Actually, you're missing the most important piece of sudo.

People walk away from terminal sessions all the time. The point of the
authentication and timeout is to assure that the person executing the
sudo is actually the correct, authenticated person.

That's why sudo won't accept cached credentials. And I wouldn't do
anything to change that behavior. You might as well just log in with
UID 0 then.

Eric S. Johansson sent the following missive on 5/20/2007 11:17 AM:
> there is a number of ways I could be missing something obvious so I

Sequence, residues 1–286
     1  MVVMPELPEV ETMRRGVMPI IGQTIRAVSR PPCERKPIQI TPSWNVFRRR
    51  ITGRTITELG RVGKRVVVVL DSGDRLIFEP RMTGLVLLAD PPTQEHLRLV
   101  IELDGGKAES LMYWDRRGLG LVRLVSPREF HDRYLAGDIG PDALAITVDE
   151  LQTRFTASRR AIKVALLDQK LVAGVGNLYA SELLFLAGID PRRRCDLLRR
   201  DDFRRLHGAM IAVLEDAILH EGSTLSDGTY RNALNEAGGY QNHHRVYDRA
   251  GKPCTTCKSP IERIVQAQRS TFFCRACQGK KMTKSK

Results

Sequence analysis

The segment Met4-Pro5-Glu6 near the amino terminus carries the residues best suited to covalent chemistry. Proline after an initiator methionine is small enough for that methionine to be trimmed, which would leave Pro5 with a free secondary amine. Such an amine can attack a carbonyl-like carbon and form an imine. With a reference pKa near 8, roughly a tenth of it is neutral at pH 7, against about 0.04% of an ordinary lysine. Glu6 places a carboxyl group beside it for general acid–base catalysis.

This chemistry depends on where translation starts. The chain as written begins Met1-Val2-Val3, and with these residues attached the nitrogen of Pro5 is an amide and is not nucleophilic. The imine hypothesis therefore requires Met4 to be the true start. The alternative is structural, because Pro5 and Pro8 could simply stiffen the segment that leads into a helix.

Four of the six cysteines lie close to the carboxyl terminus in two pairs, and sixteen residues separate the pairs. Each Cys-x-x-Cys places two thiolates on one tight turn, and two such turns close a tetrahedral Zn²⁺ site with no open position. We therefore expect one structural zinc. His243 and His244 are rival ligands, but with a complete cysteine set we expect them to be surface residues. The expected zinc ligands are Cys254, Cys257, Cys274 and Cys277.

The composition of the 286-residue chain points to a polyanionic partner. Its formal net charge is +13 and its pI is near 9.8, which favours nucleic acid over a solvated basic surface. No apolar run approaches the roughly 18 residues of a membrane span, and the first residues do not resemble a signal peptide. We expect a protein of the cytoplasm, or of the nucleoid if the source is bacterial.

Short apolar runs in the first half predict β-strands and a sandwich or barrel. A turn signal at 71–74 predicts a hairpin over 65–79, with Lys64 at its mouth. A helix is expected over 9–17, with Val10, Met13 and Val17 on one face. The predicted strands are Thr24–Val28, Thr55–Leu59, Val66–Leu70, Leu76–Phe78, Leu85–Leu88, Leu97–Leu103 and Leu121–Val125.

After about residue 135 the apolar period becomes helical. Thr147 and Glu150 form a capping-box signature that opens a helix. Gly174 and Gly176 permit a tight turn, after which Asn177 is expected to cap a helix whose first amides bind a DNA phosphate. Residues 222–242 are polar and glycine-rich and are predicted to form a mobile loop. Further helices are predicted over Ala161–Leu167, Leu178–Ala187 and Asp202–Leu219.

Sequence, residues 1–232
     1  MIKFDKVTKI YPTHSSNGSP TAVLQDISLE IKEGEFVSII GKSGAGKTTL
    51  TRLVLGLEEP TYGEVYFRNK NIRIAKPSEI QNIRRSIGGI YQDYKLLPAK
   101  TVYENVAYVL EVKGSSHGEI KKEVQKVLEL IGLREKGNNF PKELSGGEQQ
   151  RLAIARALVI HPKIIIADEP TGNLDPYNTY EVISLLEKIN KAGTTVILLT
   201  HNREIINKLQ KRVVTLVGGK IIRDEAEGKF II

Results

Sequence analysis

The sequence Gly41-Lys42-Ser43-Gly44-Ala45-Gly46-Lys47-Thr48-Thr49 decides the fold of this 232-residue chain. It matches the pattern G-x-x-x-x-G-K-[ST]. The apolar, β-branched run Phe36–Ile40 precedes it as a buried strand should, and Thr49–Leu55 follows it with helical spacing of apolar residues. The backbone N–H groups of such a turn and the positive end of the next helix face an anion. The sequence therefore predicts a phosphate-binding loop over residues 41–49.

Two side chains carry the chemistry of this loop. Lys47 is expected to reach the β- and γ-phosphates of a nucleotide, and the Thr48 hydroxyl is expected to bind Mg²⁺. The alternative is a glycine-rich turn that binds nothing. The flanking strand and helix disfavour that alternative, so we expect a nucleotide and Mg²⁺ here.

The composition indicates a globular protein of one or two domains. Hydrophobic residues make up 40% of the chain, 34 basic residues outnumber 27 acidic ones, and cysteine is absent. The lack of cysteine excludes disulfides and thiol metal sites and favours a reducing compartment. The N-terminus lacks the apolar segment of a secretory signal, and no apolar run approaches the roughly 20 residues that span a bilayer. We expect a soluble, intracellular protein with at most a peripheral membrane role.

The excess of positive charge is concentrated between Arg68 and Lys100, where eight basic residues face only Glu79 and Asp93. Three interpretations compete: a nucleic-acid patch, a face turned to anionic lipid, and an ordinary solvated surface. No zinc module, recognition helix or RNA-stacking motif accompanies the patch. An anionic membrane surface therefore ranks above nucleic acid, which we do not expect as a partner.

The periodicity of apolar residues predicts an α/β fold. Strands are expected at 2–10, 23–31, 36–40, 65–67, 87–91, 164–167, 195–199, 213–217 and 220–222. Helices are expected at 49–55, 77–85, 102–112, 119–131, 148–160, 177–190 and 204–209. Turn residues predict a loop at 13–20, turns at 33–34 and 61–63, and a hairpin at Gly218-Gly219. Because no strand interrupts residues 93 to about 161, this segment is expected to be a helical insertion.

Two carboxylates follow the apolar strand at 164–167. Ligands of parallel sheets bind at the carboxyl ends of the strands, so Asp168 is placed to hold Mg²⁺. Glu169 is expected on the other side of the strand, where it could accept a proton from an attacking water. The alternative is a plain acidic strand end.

> apologize in advance.
>
> My idea is should be possible to grant sudo access with your ssh
> credentials. the logic is that once the server has granted access to a
> client based on its ssh keys, it should be possible to use the same
> authentication to grant sudo privileges. After all, if a key pair is
> good enough to get you into one machine, why isn't it good enough to
> grant you the full Monty?
>
> Assuming that it is, how could a local program determine that the
> process it is running in has done so via ssh key authentication. Would
> it query the agent directly? Would it be able to use agent forwarding?
> Or is this a really bad idea that I should just give up on?
>
> ---eric
>


--
Justin Bradford Alcorn
justin@jalcorn.net
http://jalcorn.net
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